Tenant rights and responsibilities | emergency situations and repairs

In the event that water starts pouring through your roof or the furnace stops working on a cold winter night, the first thing you will need to do is call your landlord.

People usually respond to emergency situations with panic, and it can be easy to make hasty decisions when their landlord isn’t immediately available to take care of the problem. Before you go ahead and hire a professional to do any major repairs, you will need to understand what constitutes an emergency so that you will know if this type of decision is truly warranted.

NOTE: Getting Insured to Protect against Surprises

If the personal belongings of a tenant are destroyed because of some type of disaster in the property, whether it is a flood, fire, or even earthquake, it is important to have the proper rental unit insurance. By having this coverage, you will be able to get full compensation for any items that may have been damaged due to unavoidable circumstances. After all, you are liable for your own belongings, not your landlord.

What are Emergency Repairs?

Emergency repairs are ones that directly affect the health or safety of the tenant living in the unit/building. The law dictates that the landlord is responsible for handling and paying for any and all emergency repairs.

What if I cannot Reach my Landlord?

In the event of an emergency, you should attempt to contact the landlord or the emergency contact number you have been given a minimum of two times. Make sure to leave a message if you cannot get through to your landlord or maintenance staff, recording the date and time of the calls. Allow for a reasonable amount of time after leaving your messages for your landlord to respond.

There are certain situations in which repairs must be performed immediately in order to minimize personal risk or damage of the rental property. If you absolutely cannot reach the landlord, you will be able to authorize the necessary repair work yourself. Repairs can be authorized by an order from the rental authority in your respective province or territory.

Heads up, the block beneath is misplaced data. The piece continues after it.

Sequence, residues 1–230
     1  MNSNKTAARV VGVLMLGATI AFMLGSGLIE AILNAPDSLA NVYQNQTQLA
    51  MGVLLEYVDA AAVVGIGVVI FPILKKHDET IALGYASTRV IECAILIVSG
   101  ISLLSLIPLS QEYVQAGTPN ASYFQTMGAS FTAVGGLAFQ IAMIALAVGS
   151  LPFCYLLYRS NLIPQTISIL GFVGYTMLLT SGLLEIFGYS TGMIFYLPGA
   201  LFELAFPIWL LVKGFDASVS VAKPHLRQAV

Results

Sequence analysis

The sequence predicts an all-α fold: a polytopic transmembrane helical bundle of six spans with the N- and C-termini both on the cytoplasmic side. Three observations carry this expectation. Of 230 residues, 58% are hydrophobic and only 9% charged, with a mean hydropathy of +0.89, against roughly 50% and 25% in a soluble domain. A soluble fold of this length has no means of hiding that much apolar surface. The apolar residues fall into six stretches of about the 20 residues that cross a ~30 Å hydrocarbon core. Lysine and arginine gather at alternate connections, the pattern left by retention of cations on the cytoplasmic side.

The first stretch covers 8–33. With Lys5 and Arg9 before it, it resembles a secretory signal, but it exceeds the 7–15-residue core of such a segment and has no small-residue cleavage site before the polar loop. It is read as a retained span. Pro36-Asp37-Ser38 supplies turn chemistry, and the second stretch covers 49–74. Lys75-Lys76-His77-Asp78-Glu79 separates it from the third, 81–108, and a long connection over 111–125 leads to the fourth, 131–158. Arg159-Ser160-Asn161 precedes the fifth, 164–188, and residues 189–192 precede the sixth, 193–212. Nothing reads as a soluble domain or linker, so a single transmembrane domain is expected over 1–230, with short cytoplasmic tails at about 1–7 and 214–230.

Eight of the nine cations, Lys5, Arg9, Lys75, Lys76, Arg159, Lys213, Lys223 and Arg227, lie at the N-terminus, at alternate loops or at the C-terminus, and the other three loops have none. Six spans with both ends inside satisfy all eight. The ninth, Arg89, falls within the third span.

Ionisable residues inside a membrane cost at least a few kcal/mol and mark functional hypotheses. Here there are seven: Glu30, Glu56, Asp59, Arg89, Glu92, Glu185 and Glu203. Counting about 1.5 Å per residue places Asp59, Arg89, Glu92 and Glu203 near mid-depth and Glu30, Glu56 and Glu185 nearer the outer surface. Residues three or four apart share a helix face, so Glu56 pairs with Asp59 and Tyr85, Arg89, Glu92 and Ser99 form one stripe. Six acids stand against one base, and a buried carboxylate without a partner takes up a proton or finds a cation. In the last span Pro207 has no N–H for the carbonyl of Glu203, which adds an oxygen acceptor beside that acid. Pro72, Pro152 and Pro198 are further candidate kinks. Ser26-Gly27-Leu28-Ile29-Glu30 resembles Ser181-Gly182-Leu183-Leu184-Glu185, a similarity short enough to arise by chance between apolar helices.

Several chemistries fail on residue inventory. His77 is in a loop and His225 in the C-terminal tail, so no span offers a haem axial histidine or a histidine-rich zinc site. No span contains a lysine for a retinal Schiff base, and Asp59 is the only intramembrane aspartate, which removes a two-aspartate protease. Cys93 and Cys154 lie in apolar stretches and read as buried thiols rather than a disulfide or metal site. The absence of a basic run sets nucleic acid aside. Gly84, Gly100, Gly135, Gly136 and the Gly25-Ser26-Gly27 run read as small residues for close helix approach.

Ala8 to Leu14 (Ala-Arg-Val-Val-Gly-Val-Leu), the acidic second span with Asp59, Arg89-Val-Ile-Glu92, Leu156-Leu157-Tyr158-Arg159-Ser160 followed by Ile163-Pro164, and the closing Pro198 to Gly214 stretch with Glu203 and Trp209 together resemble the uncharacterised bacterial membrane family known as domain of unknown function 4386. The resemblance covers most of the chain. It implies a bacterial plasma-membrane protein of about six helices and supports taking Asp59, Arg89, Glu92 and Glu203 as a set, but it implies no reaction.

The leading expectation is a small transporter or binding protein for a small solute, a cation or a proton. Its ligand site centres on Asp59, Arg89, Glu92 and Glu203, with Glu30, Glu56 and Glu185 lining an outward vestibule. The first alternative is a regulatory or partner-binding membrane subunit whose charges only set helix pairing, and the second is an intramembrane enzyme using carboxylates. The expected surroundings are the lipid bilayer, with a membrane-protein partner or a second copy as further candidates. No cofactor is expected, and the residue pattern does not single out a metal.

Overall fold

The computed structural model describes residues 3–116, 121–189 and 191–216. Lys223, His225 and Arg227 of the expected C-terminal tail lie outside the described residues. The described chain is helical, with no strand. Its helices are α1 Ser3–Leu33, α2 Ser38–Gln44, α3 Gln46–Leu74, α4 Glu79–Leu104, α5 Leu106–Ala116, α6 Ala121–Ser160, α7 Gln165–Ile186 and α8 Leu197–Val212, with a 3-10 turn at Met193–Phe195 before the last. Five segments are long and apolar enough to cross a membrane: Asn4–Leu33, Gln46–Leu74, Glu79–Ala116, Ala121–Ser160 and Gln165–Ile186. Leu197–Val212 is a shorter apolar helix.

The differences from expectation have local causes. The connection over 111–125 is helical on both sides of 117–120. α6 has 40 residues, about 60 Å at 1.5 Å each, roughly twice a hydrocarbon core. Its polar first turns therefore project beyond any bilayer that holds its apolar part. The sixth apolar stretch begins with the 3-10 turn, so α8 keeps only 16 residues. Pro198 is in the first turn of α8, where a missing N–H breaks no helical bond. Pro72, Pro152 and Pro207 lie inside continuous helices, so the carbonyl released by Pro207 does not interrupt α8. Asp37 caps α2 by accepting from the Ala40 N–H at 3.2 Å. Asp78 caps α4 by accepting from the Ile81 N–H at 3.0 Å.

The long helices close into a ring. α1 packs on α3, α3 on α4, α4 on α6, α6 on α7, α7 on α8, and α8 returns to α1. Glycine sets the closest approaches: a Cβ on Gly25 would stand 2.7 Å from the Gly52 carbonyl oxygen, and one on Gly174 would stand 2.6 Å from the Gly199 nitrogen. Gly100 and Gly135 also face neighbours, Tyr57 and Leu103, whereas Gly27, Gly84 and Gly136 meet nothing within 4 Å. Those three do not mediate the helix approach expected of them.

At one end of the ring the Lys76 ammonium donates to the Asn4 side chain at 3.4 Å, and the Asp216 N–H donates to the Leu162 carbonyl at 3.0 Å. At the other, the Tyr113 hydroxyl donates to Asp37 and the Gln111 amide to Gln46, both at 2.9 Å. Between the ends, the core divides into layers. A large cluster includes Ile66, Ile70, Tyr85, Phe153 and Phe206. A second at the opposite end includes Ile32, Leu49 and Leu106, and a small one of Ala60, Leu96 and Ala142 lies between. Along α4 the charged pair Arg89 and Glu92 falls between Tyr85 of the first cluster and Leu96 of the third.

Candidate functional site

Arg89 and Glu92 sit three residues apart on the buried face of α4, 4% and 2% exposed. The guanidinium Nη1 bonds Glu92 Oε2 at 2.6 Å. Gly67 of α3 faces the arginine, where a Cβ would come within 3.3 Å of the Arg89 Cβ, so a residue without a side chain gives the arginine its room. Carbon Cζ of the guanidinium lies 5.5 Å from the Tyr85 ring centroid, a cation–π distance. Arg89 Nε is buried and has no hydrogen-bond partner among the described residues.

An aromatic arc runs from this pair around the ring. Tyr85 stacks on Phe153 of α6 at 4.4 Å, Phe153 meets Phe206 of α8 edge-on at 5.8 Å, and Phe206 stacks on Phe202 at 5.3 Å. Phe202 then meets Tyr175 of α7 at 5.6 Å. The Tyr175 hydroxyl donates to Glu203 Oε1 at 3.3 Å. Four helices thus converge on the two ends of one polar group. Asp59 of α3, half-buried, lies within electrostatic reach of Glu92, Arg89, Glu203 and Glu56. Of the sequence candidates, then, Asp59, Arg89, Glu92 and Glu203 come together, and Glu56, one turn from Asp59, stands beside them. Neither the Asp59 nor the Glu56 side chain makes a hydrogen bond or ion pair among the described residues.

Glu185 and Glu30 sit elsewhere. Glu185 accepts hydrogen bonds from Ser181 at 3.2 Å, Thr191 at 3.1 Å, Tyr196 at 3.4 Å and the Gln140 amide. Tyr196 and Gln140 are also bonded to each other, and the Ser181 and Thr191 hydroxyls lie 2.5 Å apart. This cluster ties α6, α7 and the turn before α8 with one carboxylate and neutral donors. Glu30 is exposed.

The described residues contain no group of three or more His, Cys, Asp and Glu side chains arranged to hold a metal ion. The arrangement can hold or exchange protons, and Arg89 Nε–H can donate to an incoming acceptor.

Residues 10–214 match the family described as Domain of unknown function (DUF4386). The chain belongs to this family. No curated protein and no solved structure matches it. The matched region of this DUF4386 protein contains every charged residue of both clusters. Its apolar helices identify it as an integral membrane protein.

FACT: Emergency Contact

If you need to authorize an emergency repair because you cannot reach your landlord, it will be important to save any and all documentation related to the incident in a safe place. You will also want to ask the repairman to bill the landlord directly for all of the work done, as you are not required to pay for it. If payment is required immediately after the repair work, tenants should keep close track of expenses and immediately notify the landlord to ask for reimbursement.

In the event that the landlord cannot be contacted before the necessary repairs are completed, they may choose to finish the repair work themselves and pay for whatever work has been done up until that point. The landlord may also allow the repair work to be done and choose to reimburse the tenant for the cost of everything.

You will definitely want to avoid paying for anything that is not truly an emergency, as the landlord might deny your request for reimbursement. Use the following chart to decide whether certain repairs are emergencies or if you can put them off a bit longer.

Emergency Repairs

  • Broken or burst pipes flooding the property
  • Heating system broken when it is cold outside
  • Backed up sewage system affecting the property
  • Broken lock allows anyone to enter without the use of a key
  • Short circuit in the wiring is creating a fire or electrocution hazard
  • Broken refrigerator

Non-Emergency Repairs

  • Interior door not closing properly
  • Broken stove element
  • Kitchen sink not draining properly
  • Minor leak on roof
  • Minor leak in household plumbing
  • Garage door opener not working but still able to gain access manually
  • Cracked window pane on upper floor of property
  • Even with non-emergency repairs, the landlord should be notified right away during normal office hours.